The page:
Roasting the perfect juice bird
Roasting a turkey can be a little intimating.
With all the advice you may git from the well meaning older family members. That think that Turkey should be cooked cooked in to a dry mouthful of dust that without a gallon of gravy and a cranberry sauce you could not get it down.
There is a meth that the longer you cook it the more tender it is. When the more you cook a turkey the dryer it is.
Bringing is the way to go,
Moisture loss is inevitable when you cook any type of muscle fiber. Heat causes raw individual coiled proteins in the fibers to unwind—the technical term is denature—and then join together with one another, resulting in some shrinkage and moisture loss. (By the way, acids, salt, and even air can have the same denaturing effect on proteins as heat.) Normally, meat loses about 30 percent of its weight during cooking. But if you soak the meat in a brine first, you can reduce this moisture loss during cooking to as little as 15 percent, according to Dr. Estes Reynolds, a braining expert at the University of Georgia.
Brining enhances juiciness in several ways. First of all, muscle fibers simply absorb liquid during the brining period. Some of this liquid gets lost during cooking, but since the meat is in a sense more juicy at the start of cooking, it ends up juicier. We can verify that brined meat and fish absorb liquid by weighing them before and after brining. Brined meats typically weigh six to eight percent more than they did before brining—clear proof of the water uptake.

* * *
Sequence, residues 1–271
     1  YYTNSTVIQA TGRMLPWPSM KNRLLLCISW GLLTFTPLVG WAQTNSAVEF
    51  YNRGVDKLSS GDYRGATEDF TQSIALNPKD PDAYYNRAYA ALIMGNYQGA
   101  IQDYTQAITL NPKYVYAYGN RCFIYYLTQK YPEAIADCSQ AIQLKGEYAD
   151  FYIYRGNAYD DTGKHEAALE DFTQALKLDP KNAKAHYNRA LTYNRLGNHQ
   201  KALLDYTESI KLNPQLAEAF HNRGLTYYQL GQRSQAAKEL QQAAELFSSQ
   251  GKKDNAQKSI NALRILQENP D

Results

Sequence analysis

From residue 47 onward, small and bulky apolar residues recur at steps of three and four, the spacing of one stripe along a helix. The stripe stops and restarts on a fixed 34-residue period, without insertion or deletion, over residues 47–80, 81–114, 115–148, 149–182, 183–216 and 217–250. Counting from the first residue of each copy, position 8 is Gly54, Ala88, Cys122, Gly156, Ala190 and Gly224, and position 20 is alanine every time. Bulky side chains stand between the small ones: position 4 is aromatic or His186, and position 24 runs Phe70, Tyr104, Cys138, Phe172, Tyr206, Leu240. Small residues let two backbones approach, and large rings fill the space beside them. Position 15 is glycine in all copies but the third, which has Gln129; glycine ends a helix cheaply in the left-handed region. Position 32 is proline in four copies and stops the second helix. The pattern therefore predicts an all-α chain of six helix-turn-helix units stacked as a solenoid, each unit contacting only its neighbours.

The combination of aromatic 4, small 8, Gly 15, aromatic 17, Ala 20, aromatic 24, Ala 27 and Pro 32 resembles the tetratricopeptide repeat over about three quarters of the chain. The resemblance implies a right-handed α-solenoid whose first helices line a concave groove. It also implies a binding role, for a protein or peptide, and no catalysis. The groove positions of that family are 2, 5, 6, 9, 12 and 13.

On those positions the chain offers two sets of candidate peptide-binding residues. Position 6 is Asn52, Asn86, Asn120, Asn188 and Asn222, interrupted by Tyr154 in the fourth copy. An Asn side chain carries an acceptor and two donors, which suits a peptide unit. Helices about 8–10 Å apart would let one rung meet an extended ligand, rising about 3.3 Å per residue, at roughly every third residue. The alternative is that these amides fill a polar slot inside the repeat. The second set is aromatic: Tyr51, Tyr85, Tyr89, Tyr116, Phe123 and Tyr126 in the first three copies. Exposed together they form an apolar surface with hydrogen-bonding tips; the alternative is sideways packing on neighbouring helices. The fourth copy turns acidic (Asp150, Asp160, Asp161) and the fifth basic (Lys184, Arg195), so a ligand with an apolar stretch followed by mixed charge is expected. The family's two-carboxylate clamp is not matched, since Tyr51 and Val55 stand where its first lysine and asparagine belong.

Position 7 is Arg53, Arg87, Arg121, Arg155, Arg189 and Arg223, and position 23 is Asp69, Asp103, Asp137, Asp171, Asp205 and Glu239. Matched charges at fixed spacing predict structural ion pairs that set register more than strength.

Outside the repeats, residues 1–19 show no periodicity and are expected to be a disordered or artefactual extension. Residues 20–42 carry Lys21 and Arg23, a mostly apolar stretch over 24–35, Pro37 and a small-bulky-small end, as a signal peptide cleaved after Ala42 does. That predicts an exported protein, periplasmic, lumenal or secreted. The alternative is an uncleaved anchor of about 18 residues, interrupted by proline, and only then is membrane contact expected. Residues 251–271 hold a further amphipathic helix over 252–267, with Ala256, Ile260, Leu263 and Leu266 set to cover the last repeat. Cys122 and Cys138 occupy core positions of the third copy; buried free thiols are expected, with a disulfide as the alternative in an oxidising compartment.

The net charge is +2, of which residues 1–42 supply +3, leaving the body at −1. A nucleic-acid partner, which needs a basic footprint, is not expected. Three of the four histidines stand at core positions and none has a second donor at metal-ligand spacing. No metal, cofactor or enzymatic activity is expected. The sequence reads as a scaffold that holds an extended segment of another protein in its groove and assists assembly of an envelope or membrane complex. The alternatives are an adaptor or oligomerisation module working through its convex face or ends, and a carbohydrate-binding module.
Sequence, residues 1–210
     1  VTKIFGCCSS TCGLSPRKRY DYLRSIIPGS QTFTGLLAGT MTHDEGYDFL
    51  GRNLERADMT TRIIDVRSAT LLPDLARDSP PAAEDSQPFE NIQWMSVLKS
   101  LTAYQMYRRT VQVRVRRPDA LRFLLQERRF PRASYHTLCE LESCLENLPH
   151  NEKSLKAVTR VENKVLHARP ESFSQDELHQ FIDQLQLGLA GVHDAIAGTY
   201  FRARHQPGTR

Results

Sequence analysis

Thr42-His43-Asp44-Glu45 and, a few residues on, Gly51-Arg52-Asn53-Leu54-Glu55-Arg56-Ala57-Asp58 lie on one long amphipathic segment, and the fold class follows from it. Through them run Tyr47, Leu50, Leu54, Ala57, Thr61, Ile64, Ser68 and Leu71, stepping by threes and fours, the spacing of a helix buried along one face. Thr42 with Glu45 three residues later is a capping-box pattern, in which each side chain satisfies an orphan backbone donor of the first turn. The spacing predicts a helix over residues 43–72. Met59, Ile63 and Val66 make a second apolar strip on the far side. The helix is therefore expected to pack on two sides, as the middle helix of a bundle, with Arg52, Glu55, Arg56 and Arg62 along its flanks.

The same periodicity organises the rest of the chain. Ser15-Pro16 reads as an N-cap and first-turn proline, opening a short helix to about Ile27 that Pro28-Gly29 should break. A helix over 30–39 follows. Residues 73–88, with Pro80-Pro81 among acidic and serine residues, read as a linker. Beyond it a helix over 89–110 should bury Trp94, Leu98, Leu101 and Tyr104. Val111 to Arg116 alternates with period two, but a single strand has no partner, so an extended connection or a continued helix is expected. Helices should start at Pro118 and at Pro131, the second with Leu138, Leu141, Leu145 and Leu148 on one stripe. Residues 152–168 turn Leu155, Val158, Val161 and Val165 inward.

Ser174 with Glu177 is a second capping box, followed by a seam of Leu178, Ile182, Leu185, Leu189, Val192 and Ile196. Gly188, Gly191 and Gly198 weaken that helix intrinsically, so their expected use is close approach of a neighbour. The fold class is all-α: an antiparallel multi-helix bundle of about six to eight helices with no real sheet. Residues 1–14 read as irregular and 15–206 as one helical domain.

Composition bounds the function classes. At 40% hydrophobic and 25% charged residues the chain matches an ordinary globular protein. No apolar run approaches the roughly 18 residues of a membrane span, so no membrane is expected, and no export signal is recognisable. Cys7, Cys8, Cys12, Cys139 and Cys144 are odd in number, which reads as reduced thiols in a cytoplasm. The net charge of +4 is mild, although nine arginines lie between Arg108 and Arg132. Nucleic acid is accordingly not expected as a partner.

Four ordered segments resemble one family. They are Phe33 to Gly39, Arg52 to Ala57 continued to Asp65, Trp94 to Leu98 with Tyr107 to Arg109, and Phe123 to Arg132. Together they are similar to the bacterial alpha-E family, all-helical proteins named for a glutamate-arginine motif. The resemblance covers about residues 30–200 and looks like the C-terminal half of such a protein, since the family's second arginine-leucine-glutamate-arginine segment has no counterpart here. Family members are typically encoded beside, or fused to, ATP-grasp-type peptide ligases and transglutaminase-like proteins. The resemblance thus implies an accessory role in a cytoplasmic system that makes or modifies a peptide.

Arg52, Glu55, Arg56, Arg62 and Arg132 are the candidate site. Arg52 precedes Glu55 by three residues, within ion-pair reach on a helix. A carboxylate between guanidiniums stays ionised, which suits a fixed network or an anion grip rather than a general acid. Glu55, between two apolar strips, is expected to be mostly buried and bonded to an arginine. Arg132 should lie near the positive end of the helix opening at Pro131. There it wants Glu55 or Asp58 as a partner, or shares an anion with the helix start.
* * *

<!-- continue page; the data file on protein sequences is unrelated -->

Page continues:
Another way that brining increases juiciness is by dissolving some proteins. A mild salt solution can actually dissolve some of the proteins in muscle fibers, turning them from solid to liquid.
Of all the processes at work during brining, the most significant is salt’s ability to denature proteins. The dissolved salt causes some of the proteins in muscle fibers to unwind and swell. As they unwind, the bonds that had held the protein unit together as a bundle break. Water from the brine binds directly to these proteins, but even more important, water gets trapped between these proteins when the meat cooks and the proteins bind together. Some of this would happen anyway just during cooking, but the brine unwinds more proteins and exposes more bonding sites. As long as you don’t overcook the meat, which would cause protein bonds to tighten and squeeze out a lot of the trapped liquid, these natural juices will be retained.
- 12 cups water, divided
- 1 cup kosher salt
- 2 cups sugar
- 1 cup apple cider vinegar
- 2 tablespoons sage
- 2 tablespoons thyme
- 2 tablespoons rosemary
- 1 tablespoon pepper
- 4 cups ice
- 8 cups cold water
- 2 cups apple cider
- 1/2 cup salt
- 1/2 cup sugar
- 4 Bay Leaves
- 1 turkey breast, fresh or frozen, thawed (5 to 6 pounds)
- 1/2 cup (1 stick) butter, slightly softened
- 1 teaspoon Thyme
- 1 teaspoon Rosemary, Crushed
- 1 teaspoon Sage, Rubbed
Fresh or thawed turkey, conventional oven, lowest oven rack.